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BizTalk: KeyCorp CEO Beth Mooney says Buffalo is vital to her bank

When KeyCorp holds its annual shareholders meeting on Thursday in Cleveland, its chairman and CEO, Beth E. Mooney, will be in the spotlight.

American Banker last year named Mooney the “Most Powerful Woman in Banking” for the third consecutive year. She is guiding the bank through its planned deal for Buffalo-based First Niagara Financial Group, which will turn Key into the nation’s 13th largest bank. Federal regulators still need to approve the deal.

Cleveland may be Key’s home base, but Mooney stresses that Western New York – and New York State as a whole – will be essential to the bank’s future. The bank declared last week that Larkinville will become its Northeast regional headquarters and announced it will put its name on what is now First Niagara Center. Meanwhile, the KeyBank Foundation pledged $1.6 million for local nonprofits.

Mooney, who has served as chairman and CEO for five years, is an executive whom Western New Yorkers will get familiar with, as Key prepares to become the region’s No. 2 bank. In a visit to Larkinville, she talked about where Key is headed and how Buffalo fits into those plans:

Q: What business opportunities does Key get from acquiring First Niagara that it didn’t have on its own?

A: I think there’s a real opportunity here for what we can do for our customers and what we can do for our communities. When we look at the three business lines that KeyBank was not in, which would be mortgage – which is a real significant opportunity for us and a cornerstone of the Community Benefits Plan that we announced – auto lending and insurance, those are businesses that are new to Key that we are going to pick up and leverage.

Q: How significant is Western New York to Key’s plans?

A: This will be our second-largest market, outside of our headquarters in Cleveland, Ohio, across our entire franchise. And when we bring these two companies together, we’re going to have 30 percent of Key’s business in the state of New York. So I look at this as investing and leveraging our presence here. … This is a very, very important market to us. … I do think that sometimes it’s not something people fully appreciate, how meaningful this is to KeyBank, both this market and doing business in the state of New York.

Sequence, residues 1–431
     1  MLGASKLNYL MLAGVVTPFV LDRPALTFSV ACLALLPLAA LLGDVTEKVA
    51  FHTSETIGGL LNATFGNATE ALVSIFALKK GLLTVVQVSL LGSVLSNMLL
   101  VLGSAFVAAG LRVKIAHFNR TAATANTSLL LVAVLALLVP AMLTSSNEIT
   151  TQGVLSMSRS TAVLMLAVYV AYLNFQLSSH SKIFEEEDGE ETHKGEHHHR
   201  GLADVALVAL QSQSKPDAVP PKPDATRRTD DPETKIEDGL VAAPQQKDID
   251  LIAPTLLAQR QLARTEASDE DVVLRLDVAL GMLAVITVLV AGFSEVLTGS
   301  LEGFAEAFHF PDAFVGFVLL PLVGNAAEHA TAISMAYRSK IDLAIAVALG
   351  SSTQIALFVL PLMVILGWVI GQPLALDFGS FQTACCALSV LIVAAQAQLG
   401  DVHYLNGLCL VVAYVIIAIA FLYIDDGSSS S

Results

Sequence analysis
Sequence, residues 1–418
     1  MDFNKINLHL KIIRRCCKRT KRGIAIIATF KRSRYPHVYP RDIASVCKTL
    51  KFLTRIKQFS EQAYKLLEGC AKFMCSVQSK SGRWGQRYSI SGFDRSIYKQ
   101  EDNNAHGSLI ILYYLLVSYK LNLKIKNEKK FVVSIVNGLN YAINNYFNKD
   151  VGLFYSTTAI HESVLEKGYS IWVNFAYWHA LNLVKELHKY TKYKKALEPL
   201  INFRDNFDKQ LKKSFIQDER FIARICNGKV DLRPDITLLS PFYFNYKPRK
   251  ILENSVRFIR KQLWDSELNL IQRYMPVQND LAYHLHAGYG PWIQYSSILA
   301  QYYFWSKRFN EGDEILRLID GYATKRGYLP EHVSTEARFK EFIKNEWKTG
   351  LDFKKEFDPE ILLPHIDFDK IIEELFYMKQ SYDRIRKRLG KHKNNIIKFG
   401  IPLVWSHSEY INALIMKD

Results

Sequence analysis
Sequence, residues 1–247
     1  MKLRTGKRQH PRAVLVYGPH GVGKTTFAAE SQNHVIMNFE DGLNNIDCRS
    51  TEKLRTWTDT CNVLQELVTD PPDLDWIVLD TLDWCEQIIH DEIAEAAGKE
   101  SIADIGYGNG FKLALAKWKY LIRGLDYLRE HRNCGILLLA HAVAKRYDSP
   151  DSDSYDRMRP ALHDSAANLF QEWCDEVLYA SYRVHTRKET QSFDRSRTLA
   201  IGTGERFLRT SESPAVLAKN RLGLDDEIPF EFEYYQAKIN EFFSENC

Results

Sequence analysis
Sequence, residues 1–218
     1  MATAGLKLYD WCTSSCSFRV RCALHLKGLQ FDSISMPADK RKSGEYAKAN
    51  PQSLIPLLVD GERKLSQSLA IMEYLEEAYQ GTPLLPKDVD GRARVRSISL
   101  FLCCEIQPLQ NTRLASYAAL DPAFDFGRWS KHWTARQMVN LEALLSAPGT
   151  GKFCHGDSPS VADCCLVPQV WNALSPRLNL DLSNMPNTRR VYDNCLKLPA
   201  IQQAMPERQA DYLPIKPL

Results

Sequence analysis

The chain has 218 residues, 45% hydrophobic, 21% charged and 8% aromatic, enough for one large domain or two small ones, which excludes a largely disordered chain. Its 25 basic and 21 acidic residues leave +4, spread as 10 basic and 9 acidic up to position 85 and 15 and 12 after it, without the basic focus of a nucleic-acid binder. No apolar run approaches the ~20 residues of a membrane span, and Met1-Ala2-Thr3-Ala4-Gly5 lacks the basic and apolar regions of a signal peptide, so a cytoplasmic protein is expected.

Q: Eighteen First Niagara branches will be sold to Northwest Bancshares under an agreement with the Department of Justice. Will there be other branch sales or closings beyond those following the deal?

A: Our folks are in the process of looking at our branch footprint. But first and foremost was to get through the process of working with the Department of Justice on the divestiture. We’re pleased and proud to have that done and announced. So that was job one. And we do have people looking at our branch networks holistically.

Q: Does the U.S. economy look any more promising to you?

A: This has been a very tough environment for many companies. It’s a very slow-growth economy, and an extended period of low interest rates. I would not necessarily advocate building a business plan that would suggest either of those were going to change any time soon. I think some piece of the timing of this [acquisition] opportunity was the ability to capitalize on the ability to create a growth platform through bringing the companies together.

Q: There’s a lot of negativity about banks on the presidential campaign trail. Does that give you any concern, given Key is headed toward becoming the 13th largest in the country?

A: It is something that has never reversed itself since the 2008-2009 recession. What I’d like to think is, not all banks are the same. We should not be painted with one brush. I think strong regional banks such as KeyBank, evidenced by what we’re celebrating – $2.6 million worth of grants to students, to communities, to community groups, between Say Yes Buffalo to Mentoring Matters – what you see, is I think communities are benefited by strong regional banks. … When you ask most people, they may have a bad impression of banks, but they like their banker. And I think we’re a company made up of bankers that our customers like.

Q: What are you hearing from shareholders about the deal?

A: Obviously we had the special shareholder vote in March, and between both companies we got over 90 percent approval from our shareholders, which was a very positive sign of their support for, going forth and making good on, like I said, the promise to not just get bigger but get better.

Q: Any word from regulators on when approval might come?

A: I would tell you we feel like things are going well and that we still feel good that we will have a final agreement in the third quarter.

Q: Once you get approval, what is your timetable for integrating First Niagara’s operations into Key’s?

A: We are trying to work through getting to what we call ‘legal day one’ in the third quarter. Then, somewhere in the fourth quarter, we would merge our systems and have what we call ‘customer day one.’ Then as we go into (2017), we would be finalizing really, truly bringing our two companies together. And by the end of 2017, we think we will be complete and fully integrated.